The Fed continues to talk tough about fighting inflation. During his Jackson Hole speech, Fed chair Jerome Powell said the central bank will “use our tools forcefully” to attack inflation. Powell even promised some pain.
What exactly does Powell mean by “pain?”
Ron Paul said Powell wants to “soften the labor market.” In other words, he wants you to get fired.
The following article was originally published by the Ron Paul Institute. The opinions expressed are Ron Paul’s and do not necessarily reflect those of Peter Schiff or Schiff Gold.
The Federal Reserve was no doubt troubled by July’s decline in the US unemployment rate to 4.5 percent and increase in job openings to 11.2 million. This is because the Fed’s strategy for reducing the historic price inflation now plaguing the economy — caused by the Fed’s unprecedented low or zero interest rate policies — is to increase unemployment in order to decrease consumer spending. In his speech to the annual monetary policy conference in Jackson Hole, Wyoming, Fed Chair Jerome Powell reiterated his commitment to increasing unemployment, or, as he puts it, “softening the labor markets.”
Powell is correct that reducing price inflation is urgent. He is also correct that doing so will increase unemployment and slow economic growth. The Fed’s efforts to bring down inflation by increasing interest rates will also make it harder for average Americans to obtain home mortgages, purchase a car, or even pay their utility bills. Those hardest hit by the Fed’s “softening of labor markets” are also the primary victims of the Fed-created price inflation. This demonstrates the insanity and cruelty of the fiat money system, which enriches the elites while improvising the masses.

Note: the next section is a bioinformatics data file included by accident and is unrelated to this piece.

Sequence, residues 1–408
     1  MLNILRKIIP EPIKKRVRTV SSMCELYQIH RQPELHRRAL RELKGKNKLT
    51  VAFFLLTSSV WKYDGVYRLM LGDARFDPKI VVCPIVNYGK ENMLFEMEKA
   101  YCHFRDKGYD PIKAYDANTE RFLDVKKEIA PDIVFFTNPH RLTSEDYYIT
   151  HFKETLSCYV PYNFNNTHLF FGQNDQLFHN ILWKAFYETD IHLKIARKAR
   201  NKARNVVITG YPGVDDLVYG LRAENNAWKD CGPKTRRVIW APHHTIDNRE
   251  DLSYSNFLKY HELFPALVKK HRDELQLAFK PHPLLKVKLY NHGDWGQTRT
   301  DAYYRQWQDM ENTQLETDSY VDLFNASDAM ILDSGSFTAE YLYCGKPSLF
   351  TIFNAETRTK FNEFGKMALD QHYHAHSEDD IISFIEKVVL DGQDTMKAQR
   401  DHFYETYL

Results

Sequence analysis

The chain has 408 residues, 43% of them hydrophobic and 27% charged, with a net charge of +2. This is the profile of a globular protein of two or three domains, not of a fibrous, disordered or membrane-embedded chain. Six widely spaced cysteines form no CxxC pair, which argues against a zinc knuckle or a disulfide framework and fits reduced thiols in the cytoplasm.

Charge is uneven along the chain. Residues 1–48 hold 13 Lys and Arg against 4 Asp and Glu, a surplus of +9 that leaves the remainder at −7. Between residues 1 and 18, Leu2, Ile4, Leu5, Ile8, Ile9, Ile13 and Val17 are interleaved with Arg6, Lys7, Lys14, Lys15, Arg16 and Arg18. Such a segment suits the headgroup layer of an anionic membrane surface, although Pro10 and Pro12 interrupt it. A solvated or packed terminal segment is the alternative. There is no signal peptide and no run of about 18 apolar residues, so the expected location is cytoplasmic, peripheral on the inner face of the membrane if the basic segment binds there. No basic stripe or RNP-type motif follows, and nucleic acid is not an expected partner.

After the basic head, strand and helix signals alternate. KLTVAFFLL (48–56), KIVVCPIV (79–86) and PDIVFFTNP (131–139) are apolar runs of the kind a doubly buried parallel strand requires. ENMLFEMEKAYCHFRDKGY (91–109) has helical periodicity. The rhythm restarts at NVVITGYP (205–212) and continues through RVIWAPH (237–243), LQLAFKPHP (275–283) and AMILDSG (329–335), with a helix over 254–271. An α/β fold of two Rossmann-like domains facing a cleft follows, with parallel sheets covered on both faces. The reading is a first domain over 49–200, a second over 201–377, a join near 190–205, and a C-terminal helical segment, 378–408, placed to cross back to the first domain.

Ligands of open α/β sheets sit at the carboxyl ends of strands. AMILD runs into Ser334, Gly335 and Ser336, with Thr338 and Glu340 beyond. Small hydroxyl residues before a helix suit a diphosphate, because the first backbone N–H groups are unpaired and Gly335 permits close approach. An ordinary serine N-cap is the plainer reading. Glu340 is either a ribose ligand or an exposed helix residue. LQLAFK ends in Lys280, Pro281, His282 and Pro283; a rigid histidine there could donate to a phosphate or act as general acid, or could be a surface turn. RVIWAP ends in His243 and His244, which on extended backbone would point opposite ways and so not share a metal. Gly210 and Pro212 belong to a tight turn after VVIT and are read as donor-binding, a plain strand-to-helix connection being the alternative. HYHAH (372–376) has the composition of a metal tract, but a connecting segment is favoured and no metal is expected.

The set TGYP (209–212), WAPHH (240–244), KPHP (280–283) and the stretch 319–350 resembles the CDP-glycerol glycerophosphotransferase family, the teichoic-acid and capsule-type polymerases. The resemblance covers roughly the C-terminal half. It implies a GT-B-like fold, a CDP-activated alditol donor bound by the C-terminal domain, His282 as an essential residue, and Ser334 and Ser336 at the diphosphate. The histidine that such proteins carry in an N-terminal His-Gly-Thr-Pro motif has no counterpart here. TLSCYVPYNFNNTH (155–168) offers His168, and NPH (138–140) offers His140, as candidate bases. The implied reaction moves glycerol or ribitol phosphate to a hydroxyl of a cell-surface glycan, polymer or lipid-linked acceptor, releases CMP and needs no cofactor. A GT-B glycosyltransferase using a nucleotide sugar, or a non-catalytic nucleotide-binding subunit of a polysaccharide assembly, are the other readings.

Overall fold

Well-connected members of the financial elite and crony capitalists benefit from the Federal Reserve’s money creation, as they are the first recipients of the new money. This enables them to increase their purchasing power before the new money has caused general price inflation. By the time the money creation has impacted the middle and working classes, the economy is racked with widespread price inflation. Therefore, a nominal gain in wages is not enough to compensate for the real price increase. So average Americans suffer from both Fed-created inflation and the Fed’s attempts to rein in that inflation.
It is amazing that more individuals do not question the idea that inflation, recessions, unemployment, and booms and busts are necessary features of a sound monetary system. Even many otherwise staunch defenders of free markets maintain a child-like faith in central banking. Some conservatives support “reforming” the Fed by making it follow a “rules-based” monetary policy. These conservatives do not understand that the problem is the existence of a central bank with the power to manipulate the currency.
Many progressives recognize the damage the Fed does to average Americans when it increases interest rates. However, their “solution” is a cure worse than the disease: make the Fed maintain low interest rates (and thus high inflation) in perpetuity—or until the continued devaluation of the currency via inflation causes a dollar crisis, leading to a major economic calamity. The main victims of this crisis will, of course, be the very Americans progressives claim to care about.
The Federal Reserve’s failure to fulfill its dual mandate of producing stable prices and full employment, combined with the damage it inflicts on the American people, makes the best case for changing our monetary policy. A stable currency, safe from manipulation by politicians or central bankers, would provide the basis for long-term prosperity that benefits everyone, not just the crony capitalists and the power-hungry politicians. The first steps in this transition are to finally pass audit the Fed legislation and continue the efforts to pass state laws recognizing precious metals as legal tender.
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